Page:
I confess. I didn't like this blueberry/nectarine pie in Baking with Julia. So, I made it twice, once following the recipe almost exactly, and then making adaptations which I felt improved it immensely.
On the second time around, I used my favorite crust recipe (5 cups of pastry flour, 2 cups of Crisco or a combination of lard and Crisco, 1/2 tsp baking powder, 2 tsp. salt, 1 egg, 1 tbls. of vinegar and approximately 2/3 cup of ice water. I worked the fat into flour mixture with my hands, leaving some pretty big chunks of Crisco. I portion the picture into 6 ounce discs and freeze what I don't need immediately. This is the same pastry recipe used in the bakery for which I volunteer and it is a very popular way of making pie crust in Ohio. Look in any community cookbook from this area and you will find this crust recipe. A variation has been published in two of Marcia Adams' cookbooks (a Midwest cook) and the 200th Anniversary King Arthur cookbook. In my mind, it can't be beat. The egg helps the crust brown -- I hate a pale pie crust.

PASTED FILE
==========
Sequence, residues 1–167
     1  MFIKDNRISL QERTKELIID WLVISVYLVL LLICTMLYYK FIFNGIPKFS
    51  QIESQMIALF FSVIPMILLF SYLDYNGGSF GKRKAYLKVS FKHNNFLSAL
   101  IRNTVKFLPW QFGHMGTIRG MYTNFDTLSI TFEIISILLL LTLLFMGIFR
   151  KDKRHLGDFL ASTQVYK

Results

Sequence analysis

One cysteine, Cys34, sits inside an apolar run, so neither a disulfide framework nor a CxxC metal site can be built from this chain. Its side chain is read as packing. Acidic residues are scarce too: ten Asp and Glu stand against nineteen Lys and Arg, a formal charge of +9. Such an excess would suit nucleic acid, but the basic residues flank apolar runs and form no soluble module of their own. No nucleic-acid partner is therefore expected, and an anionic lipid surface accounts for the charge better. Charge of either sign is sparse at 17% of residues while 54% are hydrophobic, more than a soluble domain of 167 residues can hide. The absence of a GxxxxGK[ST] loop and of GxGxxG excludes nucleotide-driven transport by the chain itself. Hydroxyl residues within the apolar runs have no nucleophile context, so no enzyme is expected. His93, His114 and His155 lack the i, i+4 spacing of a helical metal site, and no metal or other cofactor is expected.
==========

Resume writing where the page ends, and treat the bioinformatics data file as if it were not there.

I also switched thickeners the second time around, going from flour to Clear Jel. I used four tablespoons of Clear Jel -- my new go-to thickener for pies. I used to use tapioca, but Clear Jel is even better.
And, I upped the baking temperature to 400 degrees. This, too, helped the pie brown.
I'm not sure after making this pie twice that cooking part of the filling on top of the stove helps in the overall flavor. Since I make a lot of pies and taste a lot of pies at the bakery, I can't say that this method improves upon the end result. Plus, it's an added step that takes time and dirties a saucepan.